The difference in reactions isn’t too surprising — it’s a common theme that it is easy to appreciate the destruction of something at a human scale, difficult to appreciate it at the scale of nuclear bomb. A lot of what I’ve spent time doing, with the NUKEMAP and my writing, is to try to understand, and to impart, the scale of a nuclear explosion. A lot of this has involved looking at the attempts of others, as well, from official Cold War visualizations made for secret committees to popular films, as they have tried to communicate this to their target audiences. The hardest thing is that our brains appear only to be wired for empathy at the individual level, and don’t readily apply it to large groups or large areas. The best work in these areas conveys both the broad scope of destruction, but then ties it into the personal. They individualize the experience of mass ruination.

And the EG&G footage isn’t trying to do that. It was data meant for very specific technical purposes. It was developed in order to further the US nuclear program, and defense against Soviet nuclear weapons. Which is why I somewhat question its inclusion, or, at least, its decontextualization. It is art only in the sense that it has aesthetics and it has been put into an art gallery. One can read into it whatever one wants, of course, but it wasn’t created to have deep meaning and depth in that sense. (Whether one cares about authorial intention, of course, is its own can of modern art worms.) Just as a small example of what I mean, Andy Warhol famously made a print of mushroom clouds for his own “disaster” series (a few of which, but not this print, were featured in the exhibit):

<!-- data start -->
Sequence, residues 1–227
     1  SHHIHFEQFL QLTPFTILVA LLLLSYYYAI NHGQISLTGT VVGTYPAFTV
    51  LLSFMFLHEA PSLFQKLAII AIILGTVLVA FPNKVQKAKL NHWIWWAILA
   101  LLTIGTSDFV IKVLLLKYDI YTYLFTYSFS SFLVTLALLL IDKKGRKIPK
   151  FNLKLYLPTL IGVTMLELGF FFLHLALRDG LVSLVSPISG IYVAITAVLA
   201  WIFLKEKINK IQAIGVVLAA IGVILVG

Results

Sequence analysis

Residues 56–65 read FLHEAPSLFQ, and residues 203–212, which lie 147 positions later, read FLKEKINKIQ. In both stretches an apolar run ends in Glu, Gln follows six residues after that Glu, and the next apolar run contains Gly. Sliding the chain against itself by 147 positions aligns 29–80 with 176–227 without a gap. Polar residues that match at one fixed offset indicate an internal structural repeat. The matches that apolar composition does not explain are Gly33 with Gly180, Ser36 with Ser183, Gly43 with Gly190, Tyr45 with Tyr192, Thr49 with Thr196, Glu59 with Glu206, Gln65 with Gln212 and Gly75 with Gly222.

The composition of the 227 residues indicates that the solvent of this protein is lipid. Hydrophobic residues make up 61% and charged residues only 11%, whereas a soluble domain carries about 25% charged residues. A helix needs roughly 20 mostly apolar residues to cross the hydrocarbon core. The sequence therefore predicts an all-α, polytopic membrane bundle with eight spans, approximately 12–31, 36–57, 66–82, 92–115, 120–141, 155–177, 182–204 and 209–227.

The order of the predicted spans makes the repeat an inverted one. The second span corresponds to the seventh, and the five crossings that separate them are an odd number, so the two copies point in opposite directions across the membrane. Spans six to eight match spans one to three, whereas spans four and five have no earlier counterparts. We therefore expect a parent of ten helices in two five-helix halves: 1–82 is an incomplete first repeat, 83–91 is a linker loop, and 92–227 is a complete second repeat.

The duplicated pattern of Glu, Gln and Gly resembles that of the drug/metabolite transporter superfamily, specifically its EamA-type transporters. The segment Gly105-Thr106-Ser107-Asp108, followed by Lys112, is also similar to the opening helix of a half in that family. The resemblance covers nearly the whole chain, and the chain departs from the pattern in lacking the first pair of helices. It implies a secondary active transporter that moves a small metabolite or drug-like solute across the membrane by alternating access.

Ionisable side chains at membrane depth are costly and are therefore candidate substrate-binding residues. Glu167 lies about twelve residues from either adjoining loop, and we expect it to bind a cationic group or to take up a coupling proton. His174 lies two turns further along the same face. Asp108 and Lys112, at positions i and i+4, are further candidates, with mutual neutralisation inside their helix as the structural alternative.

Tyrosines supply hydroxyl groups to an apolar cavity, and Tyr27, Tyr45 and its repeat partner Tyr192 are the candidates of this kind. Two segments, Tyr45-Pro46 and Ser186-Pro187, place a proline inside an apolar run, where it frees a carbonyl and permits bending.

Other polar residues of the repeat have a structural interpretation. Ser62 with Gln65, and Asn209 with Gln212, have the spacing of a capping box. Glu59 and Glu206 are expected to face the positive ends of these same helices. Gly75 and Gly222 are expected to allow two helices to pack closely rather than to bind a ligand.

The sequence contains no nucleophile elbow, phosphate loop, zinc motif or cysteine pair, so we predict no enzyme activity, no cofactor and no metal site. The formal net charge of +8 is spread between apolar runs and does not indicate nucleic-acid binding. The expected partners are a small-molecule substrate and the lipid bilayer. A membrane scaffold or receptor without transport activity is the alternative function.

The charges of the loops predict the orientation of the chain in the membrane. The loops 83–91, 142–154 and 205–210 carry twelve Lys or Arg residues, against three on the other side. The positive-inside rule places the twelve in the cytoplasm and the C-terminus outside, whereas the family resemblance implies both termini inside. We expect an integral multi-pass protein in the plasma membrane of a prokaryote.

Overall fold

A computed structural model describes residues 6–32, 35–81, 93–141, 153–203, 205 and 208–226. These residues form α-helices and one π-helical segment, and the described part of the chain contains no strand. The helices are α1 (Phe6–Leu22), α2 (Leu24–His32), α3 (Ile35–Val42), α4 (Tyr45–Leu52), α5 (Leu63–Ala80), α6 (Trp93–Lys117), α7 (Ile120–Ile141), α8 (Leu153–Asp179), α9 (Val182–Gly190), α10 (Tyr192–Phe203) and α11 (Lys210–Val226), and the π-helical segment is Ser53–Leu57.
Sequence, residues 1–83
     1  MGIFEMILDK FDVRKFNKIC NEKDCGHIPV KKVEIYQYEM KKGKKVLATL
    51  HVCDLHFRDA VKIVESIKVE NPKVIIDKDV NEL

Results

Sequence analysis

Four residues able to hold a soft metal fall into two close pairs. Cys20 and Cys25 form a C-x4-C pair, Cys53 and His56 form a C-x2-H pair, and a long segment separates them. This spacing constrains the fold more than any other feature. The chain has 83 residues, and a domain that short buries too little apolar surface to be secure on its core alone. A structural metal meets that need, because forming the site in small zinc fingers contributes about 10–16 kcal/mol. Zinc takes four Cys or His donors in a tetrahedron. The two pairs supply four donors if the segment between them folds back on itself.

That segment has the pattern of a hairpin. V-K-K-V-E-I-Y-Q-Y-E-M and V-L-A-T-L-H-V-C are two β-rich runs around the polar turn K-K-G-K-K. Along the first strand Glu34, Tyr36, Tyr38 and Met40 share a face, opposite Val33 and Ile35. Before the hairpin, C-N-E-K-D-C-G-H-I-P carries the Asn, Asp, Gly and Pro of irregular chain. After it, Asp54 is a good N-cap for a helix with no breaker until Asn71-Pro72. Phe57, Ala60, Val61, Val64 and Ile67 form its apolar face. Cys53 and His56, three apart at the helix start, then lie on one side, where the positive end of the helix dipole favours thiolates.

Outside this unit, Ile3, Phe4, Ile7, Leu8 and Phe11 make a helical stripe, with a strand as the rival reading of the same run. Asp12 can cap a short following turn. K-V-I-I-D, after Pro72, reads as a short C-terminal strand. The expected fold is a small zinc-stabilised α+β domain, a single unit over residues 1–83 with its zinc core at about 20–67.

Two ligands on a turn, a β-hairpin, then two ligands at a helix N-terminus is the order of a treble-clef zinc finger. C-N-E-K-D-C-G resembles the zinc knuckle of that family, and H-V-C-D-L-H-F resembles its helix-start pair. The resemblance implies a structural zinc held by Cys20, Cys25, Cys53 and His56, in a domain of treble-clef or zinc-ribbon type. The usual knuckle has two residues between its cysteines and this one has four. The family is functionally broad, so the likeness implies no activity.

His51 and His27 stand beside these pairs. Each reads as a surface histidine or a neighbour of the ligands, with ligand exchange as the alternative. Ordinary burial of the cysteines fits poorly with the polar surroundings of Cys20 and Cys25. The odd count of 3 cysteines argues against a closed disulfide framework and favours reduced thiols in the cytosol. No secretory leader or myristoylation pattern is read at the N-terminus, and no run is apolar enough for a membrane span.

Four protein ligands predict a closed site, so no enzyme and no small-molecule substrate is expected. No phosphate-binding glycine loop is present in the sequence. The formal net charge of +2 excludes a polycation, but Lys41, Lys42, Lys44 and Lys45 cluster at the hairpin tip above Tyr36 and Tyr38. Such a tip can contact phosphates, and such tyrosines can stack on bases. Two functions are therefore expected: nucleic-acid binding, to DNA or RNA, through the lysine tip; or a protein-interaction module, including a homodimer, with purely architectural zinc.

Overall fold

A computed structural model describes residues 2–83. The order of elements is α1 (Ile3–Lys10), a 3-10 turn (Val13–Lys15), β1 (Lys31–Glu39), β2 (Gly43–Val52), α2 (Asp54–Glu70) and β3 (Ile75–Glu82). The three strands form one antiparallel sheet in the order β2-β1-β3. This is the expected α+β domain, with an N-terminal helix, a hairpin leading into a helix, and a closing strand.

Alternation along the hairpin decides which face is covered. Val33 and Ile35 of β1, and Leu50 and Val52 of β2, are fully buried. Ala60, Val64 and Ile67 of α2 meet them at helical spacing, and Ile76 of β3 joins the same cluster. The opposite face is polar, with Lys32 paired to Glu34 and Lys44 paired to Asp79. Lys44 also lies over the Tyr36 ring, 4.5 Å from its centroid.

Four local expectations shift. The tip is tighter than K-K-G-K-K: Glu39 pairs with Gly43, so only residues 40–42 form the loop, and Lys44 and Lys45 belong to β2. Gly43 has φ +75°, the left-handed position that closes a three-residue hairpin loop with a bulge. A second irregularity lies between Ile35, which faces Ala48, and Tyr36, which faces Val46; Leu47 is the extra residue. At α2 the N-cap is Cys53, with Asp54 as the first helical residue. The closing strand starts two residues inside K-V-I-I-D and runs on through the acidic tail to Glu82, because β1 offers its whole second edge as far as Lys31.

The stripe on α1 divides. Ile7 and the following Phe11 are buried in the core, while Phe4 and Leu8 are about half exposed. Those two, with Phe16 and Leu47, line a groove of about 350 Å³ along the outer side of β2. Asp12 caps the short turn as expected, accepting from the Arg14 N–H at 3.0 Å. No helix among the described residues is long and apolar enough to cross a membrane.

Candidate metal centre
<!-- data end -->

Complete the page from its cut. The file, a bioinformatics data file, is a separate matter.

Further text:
"Atomic Bomb," Andy Warhol, 1965.

“Atomic Bomb,” Andy Warhol, 1965.

Now Warhol is a complicated character, but since he was explicitly an artist I think it is always fair game to talk about his possible intentions, the aesthetics of the piece, the deeper meanings, and so on. Warhol’s art has generally been interpreted to be about commercialization and commodification. The mushroom cloud in repetition becomes a statement about our culture and its fascination with mass destruction, perhaps. Coming in the mid-1960s, after the close-call terrors of the early years of the decade, perhaps it was maybe too-little too-late, but still, it has an ominous aesthetic appeal, perhaps now more than then.